While many government authorities, central banks, financial institutions and investors are still struggling to come to terms with the new reality of Bitcoin and cryptocurrencies, the overwhelming majority believes in the power of Blockchain as a revolutionary technology.  Blockchain can be used for a wide variety of applications, mostly in the form of replacing a middleman, such as tracking ownership rights or the provenance of documents, recording the transfer of digital assets and transforming the way elections are conducted.  As a simple use-case, the transfer of property involves significant friction including the need to purchase Title Insurance to assure the new homebuyer gains rightful entitlement to the property for a significant fee.  The fact that over 30% of records covered under Title Insurance are, in fact, incorrect poses a keen application of the decentralized ledger technology of Blockchain. The number of believers accepting Bitcoin, the primary investment vehicle for this new technology, continues to grow exponentially, as evidenced by its adoption across various payment platforms, not to mention its asset price.  Any venture capitalist or angel investor hoping to capture extraordinary gains in blockchain technology must invest in Bitcoin, Ether or a similar cryptocurrency, perhaps through an ICO (Initial Coin Offering).  That is reason in itself to believe Bitcoin and cryptocurrencies have staying power going into the future.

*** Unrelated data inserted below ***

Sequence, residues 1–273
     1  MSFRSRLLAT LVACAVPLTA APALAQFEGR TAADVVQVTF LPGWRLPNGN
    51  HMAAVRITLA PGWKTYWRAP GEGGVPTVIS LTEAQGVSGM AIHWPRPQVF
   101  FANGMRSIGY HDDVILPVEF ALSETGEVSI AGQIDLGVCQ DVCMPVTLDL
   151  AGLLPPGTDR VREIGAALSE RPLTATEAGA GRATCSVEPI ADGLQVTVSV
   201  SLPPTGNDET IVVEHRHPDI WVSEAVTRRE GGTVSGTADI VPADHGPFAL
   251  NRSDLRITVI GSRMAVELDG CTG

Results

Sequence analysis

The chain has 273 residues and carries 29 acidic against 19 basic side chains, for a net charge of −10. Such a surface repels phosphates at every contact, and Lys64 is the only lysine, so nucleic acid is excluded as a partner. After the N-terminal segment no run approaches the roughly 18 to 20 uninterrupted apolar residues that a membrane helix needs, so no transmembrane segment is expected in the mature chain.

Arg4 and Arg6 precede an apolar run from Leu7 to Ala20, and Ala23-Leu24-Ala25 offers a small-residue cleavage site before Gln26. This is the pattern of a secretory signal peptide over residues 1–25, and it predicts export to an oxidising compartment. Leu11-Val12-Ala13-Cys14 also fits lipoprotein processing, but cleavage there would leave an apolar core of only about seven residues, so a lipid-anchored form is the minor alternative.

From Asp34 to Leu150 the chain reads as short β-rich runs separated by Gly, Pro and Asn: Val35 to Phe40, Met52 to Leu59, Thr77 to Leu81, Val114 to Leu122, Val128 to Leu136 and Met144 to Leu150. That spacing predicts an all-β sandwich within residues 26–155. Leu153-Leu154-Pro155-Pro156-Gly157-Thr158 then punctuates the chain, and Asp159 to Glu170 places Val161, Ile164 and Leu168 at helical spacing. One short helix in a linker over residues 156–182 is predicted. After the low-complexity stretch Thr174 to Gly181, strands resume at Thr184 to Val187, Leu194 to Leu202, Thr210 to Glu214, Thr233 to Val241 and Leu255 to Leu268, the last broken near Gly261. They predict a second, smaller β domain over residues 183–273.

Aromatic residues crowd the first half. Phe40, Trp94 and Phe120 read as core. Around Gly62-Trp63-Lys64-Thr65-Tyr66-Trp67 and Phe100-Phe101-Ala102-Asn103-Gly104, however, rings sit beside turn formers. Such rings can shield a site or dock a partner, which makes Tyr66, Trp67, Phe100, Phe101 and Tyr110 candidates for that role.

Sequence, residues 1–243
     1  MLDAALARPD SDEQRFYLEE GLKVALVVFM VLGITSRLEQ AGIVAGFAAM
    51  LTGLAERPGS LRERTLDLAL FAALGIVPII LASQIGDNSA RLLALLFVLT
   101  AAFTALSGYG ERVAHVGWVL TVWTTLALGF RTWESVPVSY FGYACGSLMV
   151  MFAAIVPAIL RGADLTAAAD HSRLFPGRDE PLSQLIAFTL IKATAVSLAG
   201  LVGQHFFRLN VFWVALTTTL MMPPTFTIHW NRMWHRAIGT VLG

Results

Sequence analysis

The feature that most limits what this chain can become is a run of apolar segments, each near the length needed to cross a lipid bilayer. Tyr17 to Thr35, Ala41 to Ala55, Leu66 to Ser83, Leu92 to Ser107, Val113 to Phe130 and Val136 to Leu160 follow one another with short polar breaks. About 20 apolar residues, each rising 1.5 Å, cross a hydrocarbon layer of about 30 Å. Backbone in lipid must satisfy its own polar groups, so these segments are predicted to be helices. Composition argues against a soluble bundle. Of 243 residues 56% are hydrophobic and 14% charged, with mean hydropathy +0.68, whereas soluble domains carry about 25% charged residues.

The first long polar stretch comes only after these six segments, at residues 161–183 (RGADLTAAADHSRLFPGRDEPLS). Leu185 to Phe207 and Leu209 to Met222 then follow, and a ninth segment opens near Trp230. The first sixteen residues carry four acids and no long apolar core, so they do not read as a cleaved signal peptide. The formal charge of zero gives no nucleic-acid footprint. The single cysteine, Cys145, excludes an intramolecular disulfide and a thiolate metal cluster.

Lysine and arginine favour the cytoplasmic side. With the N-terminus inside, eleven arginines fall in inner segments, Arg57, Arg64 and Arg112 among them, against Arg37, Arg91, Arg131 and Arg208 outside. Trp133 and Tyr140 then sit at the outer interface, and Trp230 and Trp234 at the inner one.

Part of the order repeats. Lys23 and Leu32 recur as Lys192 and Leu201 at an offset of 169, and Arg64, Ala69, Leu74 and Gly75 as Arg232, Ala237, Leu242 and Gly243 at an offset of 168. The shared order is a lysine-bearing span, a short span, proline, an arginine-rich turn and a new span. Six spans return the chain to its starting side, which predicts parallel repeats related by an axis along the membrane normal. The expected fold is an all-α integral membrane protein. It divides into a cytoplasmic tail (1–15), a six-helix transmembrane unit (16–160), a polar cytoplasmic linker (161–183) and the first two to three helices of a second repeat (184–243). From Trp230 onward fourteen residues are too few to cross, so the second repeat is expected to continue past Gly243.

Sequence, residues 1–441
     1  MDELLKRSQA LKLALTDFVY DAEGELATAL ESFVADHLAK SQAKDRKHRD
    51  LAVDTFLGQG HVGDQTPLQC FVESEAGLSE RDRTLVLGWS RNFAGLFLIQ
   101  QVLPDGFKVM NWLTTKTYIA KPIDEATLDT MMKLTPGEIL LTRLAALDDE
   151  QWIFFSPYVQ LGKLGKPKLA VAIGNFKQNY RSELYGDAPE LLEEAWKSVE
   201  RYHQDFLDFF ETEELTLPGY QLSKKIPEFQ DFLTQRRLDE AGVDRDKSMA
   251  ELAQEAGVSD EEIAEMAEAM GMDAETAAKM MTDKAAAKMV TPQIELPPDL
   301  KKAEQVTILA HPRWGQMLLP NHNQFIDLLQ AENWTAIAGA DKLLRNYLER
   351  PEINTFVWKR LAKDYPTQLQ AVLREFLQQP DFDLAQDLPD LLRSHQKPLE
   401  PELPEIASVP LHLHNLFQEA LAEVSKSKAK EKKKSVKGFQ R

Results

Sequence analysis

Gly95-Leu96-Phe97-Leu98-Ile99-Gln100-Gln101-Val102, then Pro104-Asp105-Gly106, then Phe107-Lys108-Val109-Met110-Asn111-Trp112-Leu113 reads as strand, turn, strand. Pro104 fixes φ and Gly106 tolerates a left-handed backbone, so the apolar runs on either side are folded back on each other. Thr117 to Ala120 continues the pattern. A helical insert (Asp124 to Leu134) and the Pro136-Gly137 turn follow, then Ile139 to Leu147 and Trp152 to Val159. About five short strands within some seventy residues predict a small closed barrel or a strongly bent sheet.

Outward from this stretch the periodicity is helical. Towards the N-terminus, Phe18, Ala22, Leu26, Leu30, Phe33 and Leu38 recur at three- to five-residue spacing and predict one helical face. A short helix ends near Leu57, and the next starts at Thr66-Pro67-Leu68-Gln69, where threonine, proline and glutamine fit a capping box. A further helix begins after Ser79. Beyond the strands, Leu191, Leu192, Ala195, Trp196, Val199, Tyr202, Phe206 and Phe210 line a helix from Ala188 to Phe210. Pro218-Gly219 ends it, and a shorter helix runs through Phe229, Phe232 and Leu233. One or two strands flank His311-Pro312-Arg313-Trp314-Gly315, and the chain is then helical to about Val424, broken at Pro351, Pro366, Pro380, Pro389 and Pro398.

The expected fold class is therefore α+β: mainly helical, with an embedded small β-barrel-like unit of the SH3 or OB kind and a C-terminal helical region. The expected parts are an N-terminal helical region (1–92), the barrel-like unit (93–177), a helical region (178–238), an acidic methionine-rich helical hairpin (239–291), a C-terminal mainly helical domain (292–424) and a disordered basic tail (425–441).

While it does not yet exhibit the common and necessary characteristics of bona fide money - unit of account, medium of exchange, store of value – recent developments such as the opening of Futures contracts on CME and CBOE make the likelihood of achieving a global currency status much more likely as volatility in the ‘commodity’ should, and eventually will, decline.  Furthermore, the one defining characteristic that it does share with traditional fiat money is that its value is backed by the common consensus surrounding its existence.   That is, the US Dollar only has value because the public consensus believes it’s worthy and they’re willing to transact and exchange with it.  This is the next critical test that Bitcoin must pass in order to convert more deniers and skeptics into adopters and believers.  Unless, of course, governments decide to crack down on cryptocurrencies for fear of losing control of their authority and monetary independence by imposing strict taxes or outlawing it completely.  Not coincidentally, the rise of Bitcoin itself was partly borne out the response to the highly experimental and unprecedented monetary policy actions created by the Federal Reserve and Global Central Banks, implementing Zero Interest Rate Policies (ZIRP) and Quantitative Easing (QE) which called the validity of government-issued currencies themselves into question.